There is a possible view that can block the idealist’s argument, namely that matter possesses an unknown type of intrinsic property that plays the existence-conferring role of consciousness without being consciousness.Call this property M: then we can say that bodies exist in virtue of instantiating M, where M is not identical with C(consciousness). This seems like a logically available position, but one can appreciate why the idealist will jib at it: why postulate such an unknown property when we have a well-known property that can demonstrably do the job of securing concrete existence? Isn’t the idealist position less hand waving, more parsimonious, more intellectually satisfying? Why go noumenal and mysterian when idealism offers such a nice uniform theory? Idealism tells us exactly what existence consists in, intelligibly and invariably, so why speculate about hypothetical unknown properties? Without it we are left with no positive account of what physical existence amounts to—a mere I-know-not-what.
Historically, idealism arose from Descartes and Newton’s mathematical conception of the material world: there was a distinct danger that the material universe might disappear in a puff off mathematical smoke. Indeed, it wasn’t long before theorists began doubting the concrete existence of material things and regarding such talk in an instrumental fashion. If matter is really geometry, we might as well regard talk of it as so much applied mathematics. Physics seemed to take the substance out of the world—it took the body out of body. But idealism resisted this etiolating tendency: it allowed us to recover our sense of the concrete reality of body, albeit in mental form. Before mathematical physics arrived, Aristotle’s teleological physics allowed the concept of purpose to fill out the theory of motion; and purpose could plausibly be supposed to guarantee concrete existence—what has purpose must exist. But once this is banished and classical mechanism is allowed to fix the nature of matter (bloodless extension), a gap opens up in our conception of matter, a gap that threatens its very existence. The contrast between mind and matter becomes unsustainable and matter loses its grip on concrete reality. Thus Berkeley meets fertile ground for saving bodies from evaporating into abstract posits. At least with Berkeley we know what it is for bodies to exist! Idealism allows matter to have the kind of being we understand—the kind possessed by our own minds. Berkeley’s world is a world of complete intelligible existence, whereas Descartes’ world is a world of intelligible existence (the mind) alongside a world of unintelligible existence or faux existence (matter). The fundamental problem is that extension by itself is not sufficient to deliver concrete material being. Nor is it clear that anything in contemporary physics is sufficient either, which is why the physical world is apt to appear theoretically ethereal. In order to deliver concrete reality our conception of matter needs beefing up, and idealism offers itself as the only viable way to do that. For the idealist, existence without consciousness is no existence at all, because in the end consciousness is the only intelligible form of existence there is.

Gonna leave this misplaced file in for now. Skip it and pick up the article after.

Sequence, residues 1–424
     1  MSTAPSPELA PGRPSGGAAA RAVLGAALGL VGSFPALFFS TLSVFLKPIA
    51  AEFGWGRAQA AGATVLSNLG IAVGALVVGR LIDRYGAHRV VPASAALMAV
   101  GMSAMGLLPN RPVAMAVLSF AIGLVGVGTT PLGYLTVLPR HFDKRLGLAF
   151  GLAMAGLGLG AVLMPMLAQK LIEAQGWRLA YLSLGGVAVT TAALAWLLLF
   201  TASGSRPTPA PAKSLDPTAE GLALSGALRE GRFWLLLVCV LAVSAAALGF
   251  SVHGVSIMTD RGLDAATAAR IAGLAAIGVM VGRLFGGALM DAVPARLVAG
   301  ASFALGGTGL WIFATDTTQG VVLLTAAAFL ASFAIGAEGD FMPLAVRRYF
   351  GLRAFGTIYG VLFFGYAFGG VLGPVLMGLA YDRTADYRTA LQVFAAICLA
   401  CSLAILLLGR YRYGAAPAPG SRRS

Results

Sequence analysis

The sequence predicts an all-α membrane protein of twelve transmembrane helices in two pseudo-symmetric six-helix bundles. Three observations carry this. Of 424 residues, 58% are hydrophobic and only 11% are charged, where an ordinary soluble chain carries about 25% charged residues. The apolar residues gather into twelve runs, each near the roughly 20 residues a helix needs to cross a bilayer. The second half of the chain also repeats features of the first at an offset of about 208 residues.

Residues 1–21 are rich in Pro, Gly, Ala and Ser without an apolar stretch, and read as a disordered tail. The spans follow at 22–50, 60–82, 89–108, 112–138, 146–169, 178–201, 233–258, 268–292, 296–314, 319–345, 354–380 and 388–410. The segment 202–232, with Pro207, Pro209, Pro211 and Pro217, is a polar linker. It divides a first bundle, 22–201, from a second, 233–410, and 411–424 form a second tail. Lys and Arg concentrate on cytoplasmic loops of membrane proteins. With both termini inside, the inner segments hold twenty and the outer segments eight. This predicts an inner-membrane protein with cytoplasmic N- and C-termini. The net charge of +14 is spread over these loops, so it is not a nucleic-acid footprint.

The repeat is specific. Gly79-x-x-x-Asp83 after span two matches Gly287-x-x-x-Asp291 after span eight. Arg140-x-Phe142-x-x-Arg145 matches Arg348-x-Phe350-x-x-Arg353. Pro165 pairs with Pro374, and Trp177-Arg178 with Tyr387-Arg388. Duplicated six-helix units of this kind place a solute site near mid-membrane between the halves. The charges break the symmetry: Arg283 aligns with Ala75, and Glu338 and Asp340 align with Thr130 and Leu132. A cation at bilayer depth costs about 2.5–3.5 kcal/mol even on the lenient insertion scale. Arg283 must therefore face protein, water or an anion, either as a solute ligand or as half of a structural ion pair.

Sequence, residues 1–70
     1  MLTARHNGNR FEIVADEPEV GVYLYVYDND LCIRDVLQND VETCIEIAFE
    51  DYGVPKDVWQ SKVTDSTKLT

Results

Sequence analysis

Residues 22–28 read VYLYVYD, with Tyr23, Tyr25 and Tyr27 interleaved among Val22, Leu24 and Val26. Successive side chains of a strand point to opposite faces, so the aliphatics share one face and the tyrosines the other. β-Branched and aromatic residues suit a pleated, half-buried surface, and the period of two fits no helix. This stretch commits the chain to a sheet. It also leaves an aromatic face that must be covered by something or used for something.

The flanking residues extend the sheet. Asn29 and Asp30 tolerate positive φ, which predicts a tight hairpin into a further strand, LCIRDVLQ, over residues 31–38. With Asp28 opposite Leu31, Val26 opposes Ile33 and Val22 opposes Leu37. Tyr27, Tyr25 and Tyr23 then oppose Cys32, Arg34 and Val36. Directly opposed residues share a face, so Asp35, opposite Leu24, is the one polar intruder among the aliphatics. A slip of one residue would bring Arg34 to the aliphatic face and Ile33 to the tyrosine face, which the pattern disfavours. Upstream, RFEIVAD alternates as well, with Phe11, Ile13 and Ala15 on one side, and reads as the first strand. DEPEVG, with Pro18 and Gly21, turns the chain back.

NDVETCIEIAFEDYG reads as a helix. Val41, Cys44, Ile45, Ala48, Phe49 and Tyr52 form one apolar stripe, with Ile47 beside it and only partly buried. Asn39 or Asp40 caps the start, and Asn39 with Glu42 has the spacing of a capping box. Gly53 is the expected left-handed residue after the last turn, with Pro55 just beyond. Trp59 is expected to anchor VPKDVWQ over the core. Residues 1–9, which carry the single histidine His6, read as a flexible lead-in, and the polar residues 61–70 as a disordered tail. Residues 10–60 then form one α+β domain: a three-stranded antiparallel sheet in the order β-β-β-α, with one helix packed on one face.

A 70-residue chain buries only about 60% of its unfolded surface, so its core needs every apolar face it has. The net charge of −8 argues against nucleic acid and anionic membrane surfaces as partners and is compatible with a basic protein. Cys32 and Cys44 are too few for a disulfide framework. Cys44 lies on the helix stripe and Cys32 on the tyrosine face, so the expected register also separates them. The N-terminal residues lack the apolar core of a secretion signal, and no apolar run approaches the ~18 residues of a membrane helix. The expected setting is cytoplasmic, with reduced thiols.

Surely part of the reason we have trouble with Platonism in mathematics is that we can’t form a clear conception of what mathematical existence would be; we feel we are taking it on faith. Numbers are quite unlike episodes of consciousness, in which existence is carried on their face: hence the attraction of mentalist theories of numbers and nominalism generally.
 Let me emphasize the alternative—that there are other forms of existence that are unintelligible to us. This position is by no means absurd. The question then becomes whether idealism faces insurmountable problems (I won’t discuss this here).